CHARNIN v. COGAN

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Supreme Court, Appellate Division, First Department, New York.

Martin CHARNIN, et al., Plaintiffs-Appellants, v. David J. COGAN, et al., Defendants-Respondents.

Decided: May 26, 1998

Before SULLIVAN, J.P., and MILONAS, ROSENBERGER and WILLIAMS, JJ. Robert I. Harwood, for Plaintiffs-Appellants. Richard S. Oelsner, for Defendants-Respondents.

Order, Supreme Court, New York County (Herman Cahn, J.), entered February 20, 1997, which, to the extent appealed from, disaffirmed the findings of a Special Referee as to defendant David Cogan and otherwise affirmed the findings of the Special Referee, and dismissed the action against defendants David Cogan, David Bell and Evan Bell, unanimously reversed, on the law, with costs, and the complaint reinstated as to those defendants.

Plaintiff Martin Charnin is the sole shareholder and president of plaintiff company Beam One Limited.   The individually named defendants include Charnin's former agents, representatives, accountants and business and investment managers, who in turn are the principals of the partnership and corporate defendants as to which the complaint was dismissed pursuant to the order on appeal.   The essence of plaintiffs' claim is that defendants fraudulently and negligently mishandled plaintiffs' investments, resulting in substantial financial losses.   The sole issue before us, however, involves the threshold question of whether service of process was properly effected on the individual defendants.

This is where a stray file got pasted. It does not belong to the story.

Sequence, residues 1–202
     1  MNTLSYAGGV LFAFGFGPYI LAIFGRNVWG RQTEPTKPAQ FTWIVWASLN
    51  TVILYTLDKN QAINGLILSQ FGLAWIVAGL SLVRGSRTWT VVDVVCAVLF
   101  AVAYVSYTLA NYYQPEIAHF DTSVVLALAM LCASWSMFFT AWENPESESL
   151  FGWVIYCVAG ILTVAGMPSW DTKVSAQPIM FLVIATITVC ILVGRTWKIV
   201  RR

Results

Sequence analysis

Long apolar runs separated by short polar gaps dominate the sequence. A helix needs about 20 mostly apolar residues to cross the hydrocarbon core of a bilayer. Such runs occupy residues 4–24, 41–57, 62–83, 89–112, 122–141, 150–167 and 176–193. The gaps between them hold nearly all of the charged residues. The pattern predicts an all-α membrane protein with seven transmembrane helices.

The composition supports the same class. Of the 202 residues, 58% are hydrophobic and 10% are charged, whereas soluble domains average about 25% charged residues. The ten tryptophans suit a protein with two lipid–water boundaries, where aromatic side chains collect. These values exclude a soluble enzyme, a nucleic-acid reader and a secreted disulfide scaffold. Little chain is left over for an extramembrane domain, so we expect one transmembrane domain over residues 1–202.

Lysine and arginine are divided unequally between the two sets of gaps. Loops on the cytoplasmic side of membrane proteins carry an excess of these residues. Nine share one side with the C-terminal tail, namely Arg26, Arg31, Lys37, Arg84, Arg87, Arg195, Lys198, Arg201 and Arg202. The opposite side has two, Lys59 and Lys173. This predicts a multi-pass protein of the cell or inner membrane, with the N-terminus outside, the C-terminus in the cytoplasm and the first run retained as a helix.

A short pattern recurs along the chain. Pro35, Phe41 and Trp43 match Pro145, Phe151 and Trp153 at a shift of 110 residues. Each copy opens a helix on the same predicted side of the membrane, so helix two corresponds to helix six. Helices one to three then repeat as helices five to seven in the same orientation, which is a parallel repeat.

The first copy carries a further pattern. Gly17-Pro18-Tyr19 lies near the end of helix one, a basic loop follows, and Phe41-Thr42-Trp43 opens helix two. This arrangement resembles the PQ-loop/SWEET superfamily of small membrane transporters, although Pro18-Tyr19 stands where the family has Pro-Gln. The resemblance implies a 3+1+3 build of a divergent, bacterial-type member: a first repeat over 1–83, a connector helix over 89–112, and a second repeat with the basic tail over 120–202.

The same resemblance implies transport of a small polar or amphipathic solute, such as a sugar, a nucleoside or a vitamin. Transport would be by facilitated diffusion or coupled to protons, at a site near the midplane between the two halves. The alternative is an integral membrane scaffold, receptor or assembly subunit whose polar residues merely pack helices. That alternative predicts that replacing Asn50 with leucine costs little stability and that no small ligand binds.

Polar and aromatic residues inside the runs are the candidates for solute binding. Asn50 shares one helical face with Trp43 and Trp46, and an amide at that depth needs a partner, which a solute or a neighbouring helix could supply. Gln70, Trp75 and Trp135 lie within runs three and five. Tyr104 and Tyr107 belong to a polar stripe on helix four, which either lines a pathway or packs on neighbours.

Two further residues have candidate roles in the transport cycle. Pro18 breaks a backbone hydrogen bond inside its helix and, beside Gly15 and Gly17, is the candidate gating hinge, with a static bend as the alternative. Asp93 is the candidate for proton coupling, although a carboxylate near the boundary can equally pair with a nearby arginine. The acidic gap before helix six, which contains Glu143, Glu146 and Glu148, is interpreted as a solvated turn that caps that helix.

Plaintiffs commenced this action in November 1989, and defendants submitted an answer in January 1990.   Following service of an amended complaint in March 1993, defendants moved to dismiss the action for lack of personal jurisdiction, on the ground that the parties had not been properly served in the first instance, with the exception of corporate defendant Sharcar, Inc., as to which jurisdiction was conceded.

A traverse hearing was conducted before a Special Referee on the issue of personal jurisdiction, and the evidence relevant to service on the individual defendants was as follows.   On October 27, 1989, Matthew Steinberg, the mail room supervisor at the law firm representing plaintiffs, went to David Cogan's apartment house and “attempted to deliver [the summons] to him personally.”   Steinberg attempted to go upstairs to Cogan's apartment, but the uniformed doorman of the building informed him that Cogan was not at home;  therefore, Steinberg was not able to go upstairs.   Instead, he left the summons with the doorman as the law firm had instructed him to do in the event that he could not serve Cogan himself.   Steinberg ascertained the doorman's name and wrote down his physical description.   A copy of the summons and complaint was thereafter mailed to Cogan at his residence, marked “personal and confidential,” by the law firm's senior paralegal, who testified to this effect at the hearing.